To the right,
a lamppost at the Hollywood Guaranty Building, 6331 Hollywood Boulevard at Ivar, a twelve-story 1923 Beaux Arts office building
by the architects John C. Austin and Frederick M. Ashley.
Charlie Chaplin and Cecil B. De Mille invested in this building
and the gossip columnist Hedda Hopper worked here. Charlie Chaplin, Al Jolson and Cecil B. De Mille all once had their offices
in this building. The Bank of America owned it for a time, and the building was sold in 1988 to the Church
of Scientology in a straight cash transaction. It's now the executive
offices for the international operations of those folks.
The building is dull. The lamppost is cool.
of the Security Pacific Bank
Building at 6383 Hollywood Boulevard,
at Cahuenga, from 1921 by the architects John and Donald B. Parkinson - also know as the Cahuenga Building, Philip Marlowe's office
in Raymond Chandlers The Long Goodbye. It's part of Raymond Chandler Square,
previously covered in these pages here. The building has interesting detail.
The Academy of Motion Picture Arts and Sciences Pickford Center for Motion Picture Study, 1313
North Vine at Fountain, built in 1947-48 as a radio and television studio facility and designed by Claude Beelman and his
associate, Herman Spackler, and recently restored by Offenhauser/Mekeel Architects. It's amusing.
The Academy's Pickford Center for Motion Picture Study was
dedicated in honor of Mary Pickford, the legendary silent film actress, in 2002. In addition to the 286-seat Dunn Theater,
the building houses several Academy departments, including the offices and collections of the Academy Film Archive and the
Science and Technology Council.
… It is the oldest surviving structure in Hollywood
that was originally designed specifically with television in mind.
Cadillac dealer Don Lee got into broadcasting to
stay competitive with his friend Earle C. Anthony, a Packard dealer, who bought radio station KFI as a method of appealing
to his customers. Lee bought KRFC in San Francisco and KHJ in Los Angeles, ultimately building the chain to 12 west coast stations. On Wednesday, November
5, 1930, Don Lee station KHJ and Paramount station KNX broadcast the third annual Academy Awards
on Lee's Pacific Coast
Lee began dabbling in television in 1930 by hiring Harry Lubcke, a laid-off assistant to Philo Farnsworth,
the inventor of television. Lubcke set up a station on the top floor of Don Lee's Cadillac headquarters at Seventh and Bixel
streets. The station used the call letters W6XAO. Since tv receivers didn't exist yet, Lubcke designed and provided free schematics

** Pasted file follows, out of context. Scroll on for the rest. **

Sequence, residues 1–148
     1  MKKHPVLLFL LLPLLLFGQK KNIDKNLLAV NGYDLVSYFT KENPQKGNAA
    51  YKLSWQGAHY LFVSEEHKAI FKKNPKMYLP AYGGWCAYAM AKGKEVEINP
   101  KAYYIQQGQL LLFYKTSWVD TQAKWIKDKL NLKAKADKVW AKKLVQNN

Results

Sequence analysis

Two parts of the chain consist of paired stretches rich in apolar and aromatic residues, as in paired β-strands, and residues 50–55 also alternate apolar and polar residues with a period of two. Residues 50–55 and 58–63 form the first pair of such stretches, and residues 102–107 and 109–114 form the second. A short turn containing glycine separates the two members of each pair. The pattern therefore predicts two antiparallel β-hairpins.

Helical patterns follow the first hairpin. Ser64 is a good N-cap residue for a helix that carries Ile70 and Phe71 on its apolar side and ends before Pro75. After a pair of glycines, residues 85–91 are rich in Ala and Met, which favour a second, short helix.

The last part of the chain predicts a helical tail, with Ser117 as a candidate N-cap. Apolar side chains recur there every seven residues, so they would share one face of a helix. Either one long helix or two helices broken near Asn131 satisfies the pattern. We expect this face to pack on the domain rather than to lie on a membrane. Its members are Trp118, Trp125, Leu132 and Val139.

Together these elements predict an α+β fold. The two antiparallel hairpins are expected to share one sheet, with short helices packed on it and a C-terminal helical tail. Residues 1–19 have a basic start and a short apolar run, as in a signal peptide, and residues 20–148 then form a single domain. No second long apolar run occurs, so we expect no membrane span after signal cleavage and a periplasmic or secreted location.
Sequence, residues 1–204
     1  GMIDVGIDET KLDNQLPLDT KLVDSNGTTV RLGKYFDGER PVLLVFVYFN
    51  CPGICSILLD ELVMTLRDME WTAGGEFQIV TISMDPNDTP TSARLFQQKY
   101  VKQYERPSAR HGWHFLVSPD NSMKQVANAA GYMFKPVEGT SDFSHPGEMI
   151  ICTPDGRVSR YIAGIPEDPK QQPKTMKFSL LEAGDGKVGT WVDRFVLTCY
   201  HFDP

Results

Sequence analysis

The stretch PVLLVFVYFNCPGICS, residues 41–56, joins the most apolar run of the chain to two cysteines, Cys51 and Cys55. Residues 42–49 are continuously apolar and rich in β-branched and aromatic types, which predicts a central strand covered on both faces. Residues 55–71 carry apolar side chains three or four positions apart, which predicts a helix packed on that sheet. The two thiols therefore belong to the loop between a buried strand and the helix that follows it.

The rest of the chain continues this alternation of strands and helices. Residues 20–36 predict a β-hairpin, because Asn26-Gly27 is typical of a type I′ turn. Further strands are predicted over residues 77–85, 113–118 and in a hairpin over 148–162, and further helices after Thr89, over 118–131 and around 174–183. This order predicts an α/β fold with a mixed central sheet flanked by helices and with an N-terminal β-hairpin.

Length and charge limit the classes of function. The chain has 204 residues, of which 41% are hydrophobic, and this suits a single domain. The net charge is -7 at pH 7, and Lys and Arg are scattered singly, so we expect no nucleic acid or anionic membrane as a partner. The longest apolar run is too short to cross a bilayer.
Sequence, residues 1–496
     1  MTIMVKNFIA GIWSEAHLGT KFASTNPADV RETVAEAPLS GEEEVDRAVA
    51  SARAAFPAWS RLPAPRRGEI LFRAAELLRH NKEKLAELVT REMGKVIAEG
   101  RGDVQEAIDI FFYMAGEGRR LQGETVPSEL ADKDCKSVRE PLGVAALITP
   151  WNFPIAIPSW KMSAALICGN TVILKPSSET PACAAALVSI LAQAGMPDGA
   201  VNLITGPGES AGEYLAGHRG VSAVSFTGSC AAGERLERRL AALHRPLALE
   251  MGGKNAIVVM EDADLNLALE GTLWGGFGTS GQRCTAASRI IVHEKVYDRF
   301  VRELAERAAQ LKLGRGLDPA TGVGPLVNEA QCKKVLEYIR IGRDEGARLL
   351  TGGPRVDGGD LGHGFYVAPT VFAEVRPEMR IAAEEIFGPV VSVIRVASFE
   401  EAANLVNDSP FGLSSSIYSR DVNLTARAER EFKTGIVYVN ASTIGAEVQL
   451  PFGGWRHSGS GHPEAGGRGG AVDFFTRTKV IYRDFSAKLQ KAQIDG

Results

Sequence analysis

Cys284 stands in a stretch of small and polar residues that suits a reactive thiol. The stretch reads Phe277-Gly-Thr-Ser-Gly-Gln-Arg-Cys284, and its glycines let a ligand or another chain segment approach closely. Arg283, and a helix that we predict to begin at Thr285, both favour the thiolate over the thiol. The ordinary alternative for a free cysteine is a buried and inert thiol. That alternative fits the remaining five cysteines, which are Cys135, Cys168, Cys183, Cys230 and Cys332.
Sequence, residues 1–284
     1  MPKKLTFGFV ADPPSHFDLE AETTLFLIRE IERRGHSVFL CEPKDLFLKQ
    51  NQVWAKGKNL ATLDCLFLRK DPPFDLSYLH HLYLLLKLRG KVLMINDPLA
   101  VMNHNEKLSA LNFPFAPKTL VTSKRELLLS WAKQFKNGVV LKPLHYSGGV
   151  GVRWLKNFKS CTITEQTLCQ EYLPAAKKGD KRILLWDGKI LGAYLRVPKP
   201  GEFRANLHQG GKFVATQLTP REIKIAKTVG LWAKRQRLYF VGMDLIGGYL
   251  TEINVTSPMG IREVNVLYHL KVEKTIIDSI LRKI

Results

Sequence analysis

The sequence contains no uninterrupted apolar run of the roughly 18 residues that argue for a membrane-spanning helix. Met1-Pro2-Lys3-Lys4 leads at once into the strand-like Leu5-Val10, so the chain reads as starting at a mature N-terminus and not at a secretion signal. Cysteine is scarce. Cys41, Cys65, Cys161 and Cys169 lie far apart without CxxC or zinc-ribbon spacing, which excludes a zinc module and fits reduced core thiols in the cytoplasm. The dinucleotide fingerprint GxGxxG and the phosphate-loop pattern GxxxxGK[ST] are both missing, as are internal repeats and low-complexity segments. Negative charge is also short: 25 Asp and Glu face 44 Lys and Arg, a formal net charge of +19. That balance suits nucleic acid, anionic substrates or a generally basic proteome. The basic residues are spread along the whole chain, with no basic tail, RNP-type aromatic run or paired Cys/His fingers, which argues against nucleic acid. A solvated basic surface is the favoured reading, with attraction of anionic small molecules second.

to electronics enthusiasts in the Los Angeles area to build
their own. After 100 or so had built receivers, W6XAO, Channel 1, began to broadcast an hour a day, six days a week.
named for him, Lee, who had died 14 years earlier, never saw this building.
The building was the original home of
Los Angeles Channel 2, which is now KCBS-TV, through the 1950s.
It was the studio for Johnny Carson's earliest mid-'50s
television appearances before "The Tonight Show," including "Carson's Cellar" and "The New Johnny Carson Show."
was the original home, from 1964 through 1971, of California Community Television, which grew into PBS station KCET.
was the home of KHJ-TV in the 1950s.
It was ABC's headquarters for the Los
Angeles 1984 Olympics and the home of many ABC television shows.
Among other shows broadcast
from 1313 North Vine Street were: Queen for a Day, Heart's Desire, What's the Name of That Song?, Don Lee Music Hall, My Friend
Irma, Jimmy Wakely Show, Bill Stulla Show, Oxydol Show, Your Claim to Fame, Joey Bishop Show, Barney Miller, Dating Game,
Newlywed Game and The Andersonville Trial.
Ah but for
history you can't the Knickerbocker Hotel, 1714 North Ivar Avenue,
just off Hollywood Boulevard, built in the early twenties.
It has a cool history, first a luxury apartment building, then a hotel, now apartments for seniors, almost all of them Russian. In the old days
Rudolph Valentino hung out at the hotel bar, and liked to tango there. Harry Houdini made a deal with his wife Bess that if
he died before she did he would try to contact her from the great beyond. On Halloween 1926, exactly one year after he died,
she conducted a sťance on the roof of the Knickerbocker, but he, or his spirit or whatever, didn't show. She tried that each
Halloween up on the roof for the next ten years. No good. Oh well.
And then there's D.W. Griffith. He died of a stroke
on July 21, 1948 under the crystal chandelier in the lobby. And that strange actress Frances Farmer was arrested here in 1942,
dragged from her room, and that ended in her lobotomy and all. They made a film about it. The word is William Faulkner and
Meta Carpenter, a script girl at Fox, began their eighteen-year affair here. Marilyn Monroe honeymooned here with Joe Dimaggio
in January of 1954, and Elvis Presley stayed in suite 1016
back in 1956 while he was shooting "Love Me Tender." Who else lived here? Frank Sinatra, Barbara Stanwyck, Lana Turner, Mae
West, Laurel and Hardy, Larry Fine of the Three Stooges, and Cecil B. DeMille. And William Frawley, who played Fred Mertz
on "I Love Lucy," lived here for decades and on March 3, 1966, died of a heart attack on the sidewalk in front of the place.